Team building activities are a great way to make your HOA board of directors function in a more cohesive and harmonious way. Before we take a look at some activities that your board can try, let's look at some of the benefits.
Benefits of Team Building Activities
These activities are fun, and when people have fun they let their guard down. The relaxed attitude that follows will allow your board members to develop increased trust and confidence in one another.
Many team building activities rely heavily on communication. By communicating in a stress-free, non-work environment, your board will get to know one another better. By better understanding what makes one another tick, misunderstandings will be reduced and work-related communication will improve.
These activities are also great for morale. When people learn to enjoy their time spent together, it can function as a sort of reset button that pushes away any business related stress that has built up. Frequent use of team building activities can ensure that tensions never get too high in your HOA's management.
Now that we've laid out some of the benefits, let's take a look at a few activities that your team can try. If you find these enjoyable and beneficial, there are lots of free resources to find more exercises to do.
Two Truths and a Lie
This is a very popular ice-breaker style game that also works well as a team-building exercise. Each member of your board will write down three things about themselves. One of the things will be a lie. The other two things must be true.
In turn, each team member reads out the three things that they have written about themselves. The rest of the group must then discuss amongst themselves and decide which of the three statements is the lie. If the group cannot come to a unanimous decision, a vote will be cast.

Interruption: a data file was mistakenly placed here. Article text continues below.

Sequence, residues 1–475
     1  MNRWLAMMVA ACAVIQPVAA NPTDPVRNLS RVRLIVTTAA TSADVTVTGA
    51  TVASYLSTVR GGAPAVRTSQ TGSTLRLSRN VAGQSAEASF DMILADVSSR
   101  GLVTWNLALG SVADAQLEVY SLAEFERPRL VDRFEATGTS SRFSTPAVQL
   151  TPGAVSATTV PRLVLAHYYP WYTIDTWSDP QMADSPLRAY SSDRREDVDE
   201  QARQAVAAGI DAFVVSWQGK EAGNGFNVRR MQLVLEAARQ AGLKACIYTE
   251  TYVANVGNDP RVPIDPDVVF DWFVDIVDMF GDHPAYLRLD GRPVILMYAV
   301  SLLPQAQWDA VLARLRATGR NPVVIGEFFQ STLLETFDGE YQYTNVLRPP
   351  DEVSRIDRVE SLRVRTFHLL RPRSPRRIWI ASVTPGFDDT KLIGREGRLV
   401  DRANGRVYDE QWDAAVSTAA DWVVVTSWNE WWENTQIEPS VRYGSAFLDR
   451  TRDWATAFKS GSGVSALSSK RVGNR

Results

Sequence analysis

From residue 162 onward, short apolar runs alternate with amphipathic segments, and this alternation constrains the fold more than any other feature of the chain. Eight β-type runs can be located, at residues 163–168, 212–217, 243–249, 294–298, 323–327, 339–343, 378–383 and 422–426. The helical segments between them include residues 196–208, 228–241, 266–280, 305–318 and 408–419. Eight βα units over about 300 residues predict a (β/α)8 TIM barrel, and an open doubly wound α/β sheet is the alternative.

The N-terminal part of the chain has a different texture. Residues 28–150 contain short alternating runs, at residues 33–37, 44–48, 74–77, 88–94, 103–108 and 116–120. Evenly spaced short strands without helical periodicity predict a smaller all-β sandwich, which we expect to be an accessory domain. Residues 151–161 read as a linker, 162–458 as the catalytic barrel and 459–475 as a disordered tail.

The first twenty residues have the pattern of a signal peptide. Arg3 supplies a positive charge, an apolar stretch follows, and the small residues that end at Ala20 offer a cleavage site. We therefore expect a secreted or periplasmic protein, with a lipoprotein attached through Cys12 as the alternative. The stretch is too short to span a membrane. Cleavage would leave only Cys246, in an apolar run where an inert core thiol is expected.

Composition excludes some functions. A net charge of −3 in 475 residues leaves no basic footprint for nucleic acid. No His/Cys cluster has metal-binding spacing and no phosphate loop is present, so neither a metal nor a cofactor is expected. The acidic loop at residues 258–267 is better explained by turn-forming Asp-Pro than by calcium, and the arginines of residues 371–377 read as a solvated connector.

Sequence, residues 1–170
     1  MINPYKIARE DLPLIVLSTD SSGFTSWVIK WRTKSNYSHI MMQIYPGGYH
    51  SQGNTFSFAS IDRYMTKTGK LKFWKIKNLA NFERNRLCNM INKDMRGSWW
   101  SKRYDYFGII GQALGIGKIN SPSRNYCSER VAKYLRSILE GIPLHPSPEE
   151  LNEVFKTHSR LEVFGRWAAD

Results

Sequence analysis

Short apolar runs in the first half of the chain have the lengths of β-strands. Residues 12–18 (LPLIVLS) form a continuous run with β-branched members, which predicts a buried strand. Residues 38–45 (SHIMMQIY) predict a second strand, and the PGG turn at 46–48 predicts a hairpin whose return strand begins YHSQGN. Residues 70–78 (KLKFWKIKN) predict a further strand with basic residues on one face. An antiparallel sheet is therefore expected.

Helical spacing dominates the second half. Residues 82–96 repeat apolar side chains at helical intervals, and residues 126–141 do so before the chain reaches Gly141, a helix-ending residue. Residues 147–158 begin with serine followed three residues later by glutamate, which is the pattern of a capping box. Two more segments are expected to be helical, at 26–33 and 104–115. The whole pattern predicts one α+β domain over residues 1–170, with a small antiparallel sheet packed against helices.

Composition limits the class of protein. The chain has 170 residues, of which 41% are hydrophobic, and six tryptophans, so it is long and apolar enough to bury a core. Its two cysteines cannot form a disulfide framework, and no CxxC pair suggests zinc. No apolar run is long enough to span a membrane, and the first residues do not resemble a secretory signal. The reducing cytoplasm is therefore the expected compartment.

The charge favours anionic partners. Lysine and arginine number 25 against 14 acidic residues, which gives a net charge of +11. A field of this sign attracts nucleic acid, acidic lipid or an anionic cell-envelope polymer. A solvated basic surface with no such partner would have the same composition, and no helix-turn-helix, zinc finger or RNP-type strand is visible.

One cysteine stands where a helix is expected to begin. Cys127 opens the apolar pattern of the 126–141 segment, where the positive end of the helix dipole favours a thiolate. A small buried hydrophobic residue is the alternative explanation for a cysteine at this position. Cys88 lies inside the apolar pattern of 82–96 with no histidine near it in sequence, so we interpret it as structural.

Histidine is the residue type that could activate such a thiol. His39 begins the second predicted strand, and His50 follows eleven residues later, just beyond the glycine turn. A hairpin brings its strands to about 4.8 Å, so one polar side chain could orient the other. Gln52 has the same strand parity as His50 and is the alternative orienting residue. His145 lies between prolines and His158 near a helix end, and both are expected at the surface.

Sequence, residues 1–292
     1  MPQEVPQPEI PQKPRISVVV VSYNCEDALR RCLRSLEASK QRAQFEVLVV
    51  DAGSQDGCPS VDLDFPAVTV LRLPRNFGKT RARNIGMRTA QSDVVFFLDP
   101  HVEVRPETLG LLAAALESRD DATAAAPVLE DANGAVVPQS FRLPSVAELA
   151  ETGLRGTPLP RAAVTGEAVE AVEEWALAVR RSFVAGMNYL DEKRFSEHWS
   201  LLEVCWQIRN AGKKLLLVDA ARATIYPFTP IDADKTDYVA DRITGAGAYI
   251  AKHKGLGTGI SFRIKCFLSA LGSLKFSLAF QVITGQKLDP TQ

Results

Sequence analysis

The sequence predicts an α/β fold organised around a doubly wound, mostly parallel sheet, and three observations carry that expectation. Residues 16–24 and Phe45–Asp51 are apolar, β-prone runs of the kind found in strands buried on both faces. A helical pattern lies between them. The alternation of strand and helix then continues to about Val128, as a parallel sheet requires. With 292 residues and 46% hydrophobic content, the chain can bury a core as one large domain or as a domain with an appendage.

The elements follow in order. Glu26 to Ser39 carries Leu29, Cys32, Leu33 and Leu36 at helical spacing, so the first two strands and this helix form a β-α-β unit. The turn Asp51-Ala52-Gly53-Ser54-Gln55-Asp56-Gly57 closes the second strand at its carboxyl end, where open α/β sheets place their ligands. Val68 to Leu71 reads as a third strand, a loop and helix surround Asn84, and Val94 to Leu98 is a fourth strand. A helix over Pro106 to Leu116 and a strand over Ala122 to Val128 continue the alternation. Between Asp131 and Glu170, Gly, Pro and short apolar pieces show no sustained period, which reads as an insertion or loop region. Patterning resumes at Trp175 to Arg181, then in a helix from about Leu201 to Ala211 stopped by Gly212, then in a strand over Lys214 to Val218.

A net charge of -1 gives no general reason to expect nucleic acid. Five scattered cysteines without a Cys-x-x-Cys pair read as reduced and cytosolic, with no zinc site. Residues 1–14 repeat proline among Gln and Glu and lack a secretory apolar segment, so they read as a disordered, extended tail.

Once the group has made a guess, the player reveals whether or not they were correct, and the turn passes to the next person.
For this game, you will need to break the players into small teams. For each team, you will need a matching set of children's building blocks. You'll also need a set for whoever is conducting the activity.
The person conducting the game will build a small construction with their blocks and make sure that it is hidden from the players so that they cannot see it.
Each team selects a person to serve as the viewer. The viewer from each team will go up and look at the hidden construction for 10 seconds. They will then have to go back and explain the object to their team so the team can attempt to recreate it.
After a minute or two, the viewers will be allowed another 10 seconds to view the construction. Repeat this process until one of the teams correctly replicates the prototype. That team is the winner.
This is a very popular team building exercise that makes use of the book Zoom, by Istvan Banyai. Zoom is a book without any words. It consists of a series of pictures that increasingly zoom out to create a larger scene. To make a team building exercise out of it, you must first cut all of the pages out of the book.
Next, take a number of sequential pages, equal to the number of people who will be playing and pass one to each team member, face down and in a random order. Tell them to look at it and memorize it, but not to show it to anybody else.
Have everyone ask each other questions about what their picture shows. Given the knowledge that the pictures represent an ever zooming picture, and the descriptions that are shared, the team must put the pictures back in order. Remember, they must do this without looking at any picture but their own. It helps to have someone who isn't playing check to see if the order is correct so the team can try again if they get it wrong.